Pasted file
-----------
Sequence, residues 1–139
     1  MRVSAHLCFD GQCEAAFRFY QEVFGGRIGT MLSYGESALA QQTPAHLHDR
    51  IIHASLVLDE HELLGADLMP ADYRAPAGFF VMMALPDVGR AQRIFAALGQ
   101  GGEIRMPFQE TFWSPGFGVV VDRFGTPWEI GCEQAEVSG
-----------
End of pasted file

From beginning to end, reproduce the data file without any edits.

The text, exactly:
Sequence, residues 1–139
     1  MRVSAHLCFD GQCEAAFRFY QEVFGGRIGT MLSYGESALA QQTPAHLHDR
    51  IIHASLVLDE HELLGADLMP ADYRAPAGFF VMMALPDVGR AQRIFAALGQ
   101  GGEIRMPFQE TFWSPGFGVV VDRFGTPWEI GCEQAEVSG